It boggles the mind that a solution—maybe the solution—to the intransigent problem of fixing the worst public schools could sound so simple: making connections. Yet these deceptively simple two words are monumentally difficult to achieve and sustain.
In his new book, “So Much Reform, So Little Change,” University of Chicago researcher Charles M. Payne lays out in no uncertain terms how everyone, from educators and parents, district leaders and politicians, education funders and, yes, the media, is at fault for a myriad number of reasons. The most basic is a failure to address what’s really happening on the ground in schools.
“[M]ost discussion of educational policy and practice is dangerously disconnected from the daily realities of urban schools, especially the bottom-tier schools,” Payne writes. “The social dimensions of the problem are still almost certainly the least well appreciated. … Reform after reform fails because of nothing more complicated than the sheer inability of adults to cooperate with one another.”
Payne would bristle, to be sure, at the notion that his argument offers the solution to fixing schools. Problems in the most dysfunctional schools are far too complex and vast for any one solution, and in fact, he says, the quest for a silver bullet is another reason why school reforms remain stuck just past go. Payne has zeroed in on the bedrock for educational success and how it factors into every part of the equation for school success.
Payne’s barriers to school change
- Lack of social comfort among parents, teachers, and principals
- Low mutual expectations
- Suspicion of outsiders, distrust of colleagues
- General belief that programs will fail
- Tensions related to race, ethnicity, age
- General anger and subsequent withdrawal
- Poor internal communications
- Institutional inability to learn from experience
- Negative teachers have most leverage
- Teachers’ inability to share professional information
- Touchiness, emotional fatigue
- Culture of “happy talk”
Trusting, functional relationships matter at every level. Teachers with parents. Teachers with students. Teachers with each other. Principals and all of the above. Principals and district officials. Parents and students. Parents with each other. There are many more combinations of these and other constituencies. Yet these relationships are in crisis at the worst schools—schools which also happen to serve the poorest African-American communities. Here, trust between teachers and parents is the lowest. Payne cites a survey, presented to district brass by researcher John Easton of the Consortium on Chicago School Research, which found that only 42 percent of teachers in mostly black schools strongly trusted parents, compared to 72 percent of teachers in integrated schools.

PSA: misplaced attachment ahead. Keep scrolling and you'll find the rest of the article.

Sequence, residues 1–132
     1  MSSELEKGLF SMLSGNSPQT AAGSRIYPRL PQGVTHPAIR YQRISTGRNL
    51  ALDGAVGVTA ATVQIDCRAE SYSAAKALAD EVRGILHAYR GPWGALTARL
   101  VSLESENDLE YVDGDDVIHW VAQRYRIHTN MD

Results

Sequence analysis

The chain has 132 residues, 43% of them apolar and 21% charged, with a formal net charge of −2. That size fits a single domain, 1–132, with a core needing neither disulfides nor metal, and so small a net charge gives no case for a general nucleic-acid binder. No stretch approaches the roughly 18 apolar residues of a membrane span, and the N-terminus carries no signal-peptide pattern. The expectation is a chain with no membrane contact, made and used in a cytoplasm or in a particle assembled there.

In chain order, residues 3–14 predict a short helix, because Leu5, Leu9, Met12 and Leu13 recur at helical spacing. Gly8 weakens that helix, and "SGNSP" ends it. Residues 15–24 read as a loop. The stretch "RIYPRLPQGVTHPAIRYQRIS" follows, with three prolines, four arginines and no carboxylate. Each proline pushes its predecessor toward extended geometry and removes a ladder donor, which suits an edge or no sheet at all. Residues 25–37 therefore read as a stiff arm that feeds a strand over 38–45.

In this month’s report, Catalyst In Depth delves into the fuzziest area of relationship-building that schools must do: connecting schools and educators to the communities they serve. Principals who get it are proactive, making this one of the first orders of business. Veteran Denise Gamble, heading into her third year as turnaround principal at Medill, a Near West Side elementary school that has posted the worst test scores in the district, has had an eye on this particular prize from the outset. She knew going in that it would take a special kind of educator to work in a community beset with social ills, where students need an extraordinary amount of support to excavate and nurture their own assets. “Medill is not for the faint of heart,” Gamble says.
Across town, neophyte principal Kurt Jones has adopted his own brand of making connections with teachers, parents and students at Libby Elementary. He decided to confront a whispering campaign that, if left unchecked, could have undermined his leadership. He told parents, “I am white and gay. You are black and poor.” Then he proceeded to lay out the only option that made could lead to children’s success: Get over it and move on. Slowly, and most certainly in fits and starts, he is making progress. One parent, convinced that the school didn’t do enough to protect her son from a fight, has decided to enroll her children in a different school. Another mother, initially ticked off at how a teacher interacted with her son, cooled down and learned another side to the story. That earned Jones and his staff a measure of respect. “We have been good friends ever since,” says Lakisha Branley.
Elsewhere across the city are other signs that educators and communities are gaining respect for the power of solid relationships. Perspectives Charter Schools hired a community liaison who is well-versed in tapping and developing community assets for the benefit of its Calumet campus school and students. Logan Square Neighborhood Association has long capitalized on building solid relationships with schools in its domain, first to get relief from overcrowding, and now to raise the bar of instruction inside classrooms. Their efforts spawned a movement for other areas of the city to grow their own teachers, people who were tied to the community and would have a leg up on understanding where students are coming from.
At about the same time that Payne’s book was released, a group of prominent educators—Tom Payzant, Pedro Noguera and Arne Duncan among them—launched a national movement to reframe public discourse on what is needed to close the achievement gap. The holistic approach they advocate goes beyond the walls of traditional schools and a child’s academic needs. Among the group’s recommendations: more early childhood education, expanded after-school and summer school, in-school health clinics, and a continued push to reduce class sizes and get the best teachers for the most disadvantaged children.
Solid ideas, no doubt. And yet, if the movement is successful in getting some or all of these policies adopted, these reforms will rise or fall on the quality of the relationships behind them.